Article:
This whole manifestation has ambition as its underlying
motive and, as everything in the world has two swings, it
also has a forward swing and a backward swing. When a race
or a nation has reached the furthest point of the forward
swing, it recognizes that all is valueless, and it begins
the backward swing which means annihilation, the return
We can see this in the East. The wish of every person
there is to do without. They will rather eat with their
fingers than with fork and knife; they will rather eat on
the floor than at a table; they will rather go bareheaded
than to wear a hat, and they will rather go barefoot than
wear shoes. All their present backwardness is because they
have lost the ambition for advancement. When they had ambition
they too progressed and at one time they were first in civilization.
When the wise people had reached that point the time
of renunciation began, and the reflection of the wise fell
upon the foolish. Not only the wise men who had some reason
for it practiced renunciation, but also the foolish. They
had no reason for it, but the influence of the wise affected
them. They are all in a dream, without ambition, lazy. If
one would say to them, 'You are always dreamy and lazy.
Have some ambition, be active!' They would answer, 'I am
happy in my dream. What else could you teach me?' If anyone
wishes to walk over their head, they allow it; they say,
'There will be a third one, stronger than he, who will one
day walk over his head.' There are many in India who
do not kill insects, as the Jains. A Brahmin does not kill
a snake. How then could he take a weapon in his hand and
stand against a man?
I have met a Brahmin, a great musician, and I was much
astonished for he was in his dhoti wearing only a
towel, which covered his back. But when he began to speak
it was evident that his knowledge was so great that he was
the greatest musician of his time. In the West the ambition
for worldly things drives a man so far that he often forgets
his parents, he neglects his duties. His self is always
before his eyes. I have seen that it is always so in the
life of business, of commerce, of trade. The worldly ambitions
are so strong that a man has no time for spiritual knowledge.
Very often he would have a tendency to realize the truth
through his intelligence, but the ambitions of the world
are too strong.
If one says, 'Shall we renounce and become as they are
in the East, living in a dream, and rather lazily? Shall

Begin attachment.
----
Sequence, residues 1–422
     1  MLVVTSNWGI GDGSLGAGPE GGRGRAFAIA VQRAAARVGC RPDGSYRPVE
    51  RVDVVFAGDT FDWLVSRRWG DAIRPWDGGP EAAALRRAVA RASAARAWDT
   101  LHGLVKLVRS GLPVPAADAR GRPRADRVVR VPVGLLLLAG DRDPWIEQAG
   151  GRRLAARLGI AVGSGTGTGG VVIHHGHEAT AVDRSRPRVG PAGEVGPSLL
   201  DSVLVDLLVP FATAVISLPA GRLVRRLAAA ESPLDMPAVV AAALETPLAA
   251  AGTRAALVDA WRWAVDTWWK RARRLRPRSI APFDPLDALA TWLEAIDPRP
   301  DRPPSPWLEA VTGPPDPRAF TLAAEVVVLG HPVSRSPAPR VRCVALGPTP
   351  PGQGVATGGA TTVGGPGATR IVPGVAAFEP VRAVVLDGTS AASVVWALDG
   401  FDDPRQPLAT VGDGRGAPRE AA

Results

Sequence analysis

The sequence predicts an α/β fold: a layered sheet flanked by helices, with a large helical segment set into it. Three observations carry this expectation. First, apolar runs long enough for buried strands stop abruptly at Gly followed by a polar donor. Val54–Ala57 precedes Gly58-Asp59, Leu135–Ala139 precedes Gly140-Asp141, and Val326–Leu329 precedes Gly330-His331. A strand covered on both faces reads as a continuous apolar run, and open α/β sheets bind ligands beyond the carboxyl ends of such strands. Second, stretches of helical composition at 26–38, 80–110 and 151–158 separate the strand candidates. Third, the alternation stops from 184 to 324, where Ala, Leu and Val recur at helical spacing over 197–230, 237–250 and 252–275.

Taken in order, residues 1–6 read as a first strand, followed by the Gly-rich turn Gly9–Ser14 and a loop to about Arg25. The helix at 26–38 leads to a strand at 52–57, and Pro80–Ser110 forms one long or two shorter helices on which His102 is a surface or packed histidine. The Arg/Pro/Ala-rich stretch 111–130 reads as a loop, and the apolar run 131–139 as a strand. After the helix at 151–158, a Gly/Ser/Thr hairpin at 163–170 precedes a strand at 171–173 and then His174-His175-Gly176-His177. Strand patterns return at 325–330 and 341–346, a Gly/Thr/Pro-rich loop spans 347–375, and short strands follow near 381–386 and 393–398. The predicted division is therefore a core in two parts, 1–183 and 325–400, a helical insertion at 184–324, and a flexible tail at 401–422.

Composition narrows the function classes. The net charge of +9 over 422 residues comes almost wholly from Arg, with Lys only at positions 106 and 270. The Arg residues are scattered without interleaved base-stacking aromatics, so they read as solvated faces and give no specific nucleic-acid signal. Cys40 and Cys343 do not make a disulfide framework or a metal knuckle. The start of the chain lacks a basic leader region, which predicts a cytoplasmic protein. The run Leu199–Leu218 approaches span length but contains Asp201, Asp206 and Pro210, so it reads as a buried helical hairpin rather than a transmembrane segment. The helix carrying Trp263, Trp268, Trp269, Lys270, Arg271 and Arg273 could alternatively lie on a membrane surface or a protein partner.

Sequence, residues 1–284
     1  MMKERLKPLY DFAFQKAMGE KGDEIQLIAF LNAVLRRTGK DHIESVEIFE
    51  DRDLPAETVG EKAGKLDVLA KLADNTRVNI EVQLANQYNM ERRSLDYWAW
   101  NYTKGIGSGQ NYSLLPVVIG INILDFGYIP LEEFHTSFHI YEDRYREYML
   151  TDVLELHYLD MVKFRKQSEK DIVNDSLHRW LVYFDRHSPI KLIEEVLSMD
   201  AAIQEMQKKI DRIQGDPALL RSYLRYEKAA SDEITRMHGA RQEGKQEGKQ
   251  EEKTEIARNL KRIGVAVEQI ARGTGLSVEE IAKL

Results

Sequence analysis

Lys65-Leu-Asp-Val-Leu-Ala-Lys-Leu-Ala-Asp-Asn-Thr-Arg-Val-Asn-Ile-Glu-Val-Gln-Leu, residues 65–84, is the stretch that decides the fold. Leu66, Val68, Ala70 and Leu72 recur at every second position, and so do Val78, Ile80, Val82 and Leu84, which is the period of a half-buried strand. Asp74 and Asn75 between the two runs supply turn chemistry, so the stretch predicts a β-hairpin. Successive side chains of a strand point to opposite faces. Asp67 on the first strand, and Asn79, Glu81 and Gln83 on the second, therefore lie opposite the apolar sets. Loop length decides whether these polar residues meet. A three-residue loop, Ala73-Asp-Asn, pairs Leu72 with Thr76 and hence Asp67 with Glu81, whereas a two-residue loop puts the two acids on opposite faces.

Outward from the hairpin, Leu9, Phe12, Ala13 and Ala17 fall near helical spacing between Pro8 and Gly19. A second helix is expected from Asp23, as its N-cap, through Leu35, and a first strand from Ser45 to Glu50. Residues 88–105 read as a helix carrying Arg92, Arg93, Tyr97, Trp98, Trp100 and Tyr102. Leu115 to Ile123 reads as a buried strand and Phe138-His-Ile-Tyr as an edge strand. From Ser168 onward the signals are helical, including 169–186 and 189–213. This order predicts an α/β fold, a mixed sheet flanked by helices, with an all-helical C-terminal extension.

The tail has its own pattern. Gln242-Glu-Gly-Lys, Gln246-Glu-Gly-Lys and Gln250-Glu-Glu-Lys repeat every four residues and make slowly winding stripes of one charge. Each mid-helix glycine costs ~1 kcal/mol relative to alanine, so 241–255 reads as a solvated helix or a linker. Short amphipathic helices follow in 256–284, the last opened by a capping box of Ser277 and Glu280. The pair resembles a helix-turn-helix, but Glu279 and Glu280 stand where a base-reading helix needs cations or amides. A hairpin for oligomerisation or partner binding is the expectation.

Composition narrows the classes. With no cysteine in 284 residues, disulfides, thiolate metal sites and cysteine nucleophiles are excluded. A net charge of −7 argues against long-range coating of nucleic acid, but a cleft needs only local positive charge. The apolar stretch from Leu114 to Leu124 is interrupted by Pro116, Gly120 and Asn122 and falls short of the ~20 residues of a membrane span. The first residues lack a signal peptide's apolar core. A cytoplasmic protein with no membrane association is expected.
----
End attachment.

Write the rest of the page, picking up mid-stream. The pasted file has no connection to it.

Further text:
we allow whatever nation to walk into our country?' – I
shall answer that there cannot be one principle for everyone,
because everyone is not in the same stage of evolution.
Therefore the Sufi prescribes no common principle for all.
He does not say, 'Renounce. Do not be cruel.' The Sufi has
been blamed for this many times, because to have no principles
in ordinary language means to be very bad. We recognize
that what is a right principle for one is not always right
for another. To a lord who has so many millions of pounds
we shall not say, 'Do not give a great dinner or a ball
in your house.' He would say, 'All the other lords do it.'
He cannot have the same principles that a Murshid prescribes
for himself. My Murshid once refused the initiation to the
Nizam of Hyderabad because the Nizam could not follow the
principles that the Murshid would prescribe.
A person must not choose the way of renunciation as long
as any ambition within him remains unfulfilled. Vairagya,
the thought of renunciation, comes to every wise person,
to every righteous person. Sometimes a man thinks, 'I want
to renounce all, because I am disgusted.' Another time he
thinks, 'But if I were given a little bungalow and a little
garden, I would not renounce it.' Sometimes he thinks, 'I
will renounce the whole world,' and another time he thinks,
'But if I were Mr. Asquith
1 or Mr. Asquith's secretary, I
would not renounce.'
If one says, 'I have renounced the Tsar's throne,' what
does that mean? Only the Tsar may say, 'I renounce the throne
that has been given to me.'
It is only when every ambition has been satisfied that
a person should take the way of renunciation. Until then
let him use his power. Whilst any desire remains he must
not renounce it; it is not right. You might ask, 'Then shall
we never renounce?' Yes, when your ambition is unjust, when
it is cruel, then renounce.